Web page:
The variable time of concentration and storage coefficient percentage curves were adjusted to improve the model results for the 1982 event. In addition, the constant loss rate was reduced from 0.25 inches/hour from the 2D simulation to 0.16 inches/hour for the variable Clark simulation. The following table shows the updated concentration and storage curves.
Percent of Index Precipitation | Percent of Index Time of Concentration | Percent of Index Storage Coefficient |
25% | 125 | 150 |
50% | 125 | 150 |
100% | 100 | 100 |
200% | 67 | 50 |
400% | 50 | 26 |
The following figure shows the updated results after adjusting the variable time of concentration and storage coefficient curves and loss rate. The precipitation rates for the December 22, 1982 event only allow calibration of the lower end of the variable time of concentration and storage coefficient curves since the precipitation rate is less than 0.5 inch/hour. Events with higher precipitation intensities would be needed to improve the upper end of the variable parameter curves.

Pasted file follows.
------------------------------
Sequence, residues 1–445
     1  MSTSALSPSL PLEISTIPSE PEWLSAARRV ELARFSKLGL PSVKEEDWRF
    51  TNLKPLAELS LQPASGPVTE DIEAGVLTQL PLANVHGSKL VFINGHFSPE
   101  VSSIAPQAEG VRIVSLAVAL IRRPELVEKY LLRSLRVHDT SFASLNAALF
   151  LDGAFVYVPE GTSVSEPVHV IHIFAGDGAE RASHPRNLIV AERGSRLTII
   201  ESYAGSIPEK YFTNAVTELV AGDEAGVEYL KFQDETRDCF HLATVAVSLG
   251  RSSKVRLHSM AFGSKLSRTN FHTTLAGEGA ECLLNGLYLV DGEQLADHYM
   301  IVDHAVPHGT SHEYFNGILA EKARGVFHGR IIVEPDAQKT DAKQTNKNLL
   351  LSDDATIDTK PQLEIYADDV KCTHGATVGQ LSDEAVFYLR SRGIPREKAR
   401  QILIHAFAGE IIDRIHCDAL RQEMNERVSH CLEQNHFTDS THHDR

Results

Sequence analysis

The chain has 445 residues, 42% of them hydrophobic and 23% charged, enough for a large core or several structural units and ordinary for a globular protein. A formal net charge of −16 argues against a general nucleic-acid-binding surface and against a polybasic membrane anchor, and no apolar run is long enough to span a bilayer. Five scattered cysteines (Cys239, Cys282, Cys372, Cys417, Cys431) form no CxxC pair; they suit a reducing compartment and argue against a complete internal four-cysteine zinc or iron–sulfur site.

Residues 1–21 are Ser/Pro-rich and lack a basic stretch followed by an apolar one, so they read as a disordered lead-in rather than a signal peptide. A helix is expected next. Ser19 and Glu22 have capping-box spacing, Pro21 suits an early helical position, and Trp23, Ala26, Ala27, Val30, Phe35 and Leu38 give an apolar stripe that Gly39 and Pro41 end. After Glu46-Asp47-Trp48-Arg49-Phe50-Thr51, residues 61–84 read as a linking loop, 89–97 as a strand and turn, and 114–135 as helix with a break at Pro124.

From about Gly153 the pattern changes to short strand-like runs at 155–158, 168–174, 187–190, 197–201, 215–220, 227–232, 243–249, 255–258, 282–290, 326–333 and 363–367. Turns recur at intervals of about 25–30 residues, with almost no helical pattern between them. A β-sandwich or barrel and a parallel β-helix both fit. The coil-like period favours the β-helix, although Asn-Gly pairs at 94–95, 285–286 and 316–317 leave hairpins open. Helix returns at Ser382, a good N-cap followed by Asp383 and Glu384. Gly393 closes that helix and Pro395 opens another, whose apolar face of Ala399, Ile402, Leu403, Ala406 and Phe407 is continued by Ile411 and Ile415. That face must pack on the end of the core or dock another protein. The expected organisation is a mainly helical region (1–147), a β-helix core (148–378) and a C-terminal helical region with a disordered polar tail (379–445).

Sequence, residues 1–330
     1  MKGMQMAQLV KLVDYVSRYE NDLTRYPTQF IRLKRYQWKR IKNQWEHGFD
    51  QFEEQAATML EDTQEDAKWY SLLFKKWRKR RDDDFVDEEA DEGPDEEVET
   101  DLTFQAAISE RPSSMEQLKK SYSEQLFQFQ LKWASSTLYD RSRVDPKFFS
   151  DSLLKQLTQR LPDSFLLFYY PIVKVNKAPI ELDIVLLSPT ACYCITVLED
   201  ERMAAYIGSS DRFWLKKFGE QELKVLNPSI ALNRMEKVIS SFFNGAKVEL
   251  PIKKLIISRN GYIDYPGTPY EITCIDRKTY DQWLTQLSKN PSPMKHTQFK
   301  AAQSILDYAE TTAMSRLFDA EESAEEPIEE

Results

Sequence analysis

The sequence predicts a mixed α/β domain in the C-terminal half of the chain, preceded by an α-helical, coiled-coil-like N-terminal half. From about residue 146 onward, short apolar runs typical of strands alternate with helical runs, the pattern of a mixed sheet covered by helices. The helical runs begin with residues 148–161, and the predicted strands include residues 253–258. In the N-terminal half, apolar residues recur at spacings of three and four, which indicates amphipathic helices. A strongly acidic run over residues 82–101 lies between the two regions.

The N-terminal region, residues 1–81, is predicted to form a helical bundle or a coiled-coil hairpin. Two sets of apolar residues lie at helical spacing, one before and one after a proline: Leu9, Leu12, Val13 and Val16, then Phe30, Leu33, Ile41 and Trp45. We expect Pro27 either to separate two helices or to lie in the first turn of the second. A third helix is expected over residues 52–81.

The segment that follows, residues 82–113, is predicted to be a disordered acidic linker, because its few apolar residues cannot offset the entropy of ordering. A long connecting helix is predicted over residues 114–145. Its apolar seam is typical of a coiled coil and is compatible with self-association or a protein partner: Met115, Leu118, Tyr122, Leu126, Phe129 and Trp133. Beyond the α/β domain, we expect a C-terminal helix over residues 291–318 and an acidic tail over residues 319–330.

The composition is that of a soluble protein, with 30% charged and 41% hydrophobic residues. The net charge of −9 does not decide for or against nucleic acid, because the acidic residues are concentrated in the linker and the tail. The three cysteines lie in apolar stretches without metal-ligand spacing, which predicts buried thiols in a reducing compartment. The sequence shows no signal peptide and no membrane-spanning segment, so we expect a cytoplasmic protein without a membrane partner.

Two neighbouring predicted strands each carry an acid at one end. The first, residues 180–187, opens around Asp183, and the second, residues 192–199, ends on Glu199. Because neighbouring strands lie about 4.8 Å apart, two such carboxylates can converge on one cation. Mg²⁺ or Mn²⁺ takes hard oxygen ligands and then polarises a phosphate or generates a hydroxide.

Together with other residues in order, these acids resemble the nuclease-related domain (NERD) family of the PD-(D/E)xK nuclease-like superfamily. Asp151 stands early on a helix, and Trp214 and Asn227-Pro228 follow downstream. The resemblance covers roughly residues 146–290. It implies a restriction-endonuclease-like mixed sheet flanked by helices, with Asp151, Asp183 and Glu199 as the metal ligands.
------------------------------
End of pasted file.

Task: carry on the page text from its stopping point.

The approach and tools in this example provide a method for using unit hydrographs for a range of flood events. The most useful application for the variable Clark unit hydrograph method could be for extreme events (for those synthetic flood events that are larger than typical calibration data). The linearity assumption with unit hydrographs often leads modelers to arbitrarily adjust unit hydrograph parameters when applying models for simulating extreme floods. In the Coyote Creek example, the 2D Diffusion Wave simulations show the time of concentration decreases from 4.5 hours for an excess precipitation rate of 0.5 inch/hour to 2 hours for a excess precipitation rate of 2 inches/hour. The storage coefficient has a much more dramatic reduction (from 9 hours to 1.75 hours), which translates to a much faster responding hydrograph at higher precipitation rates. The information gathered from the 2D Diffusion Wave simulation can be used to inform the variable Clark unit hydrograph model which could then be used to quickly model the subbasin response to extreme events.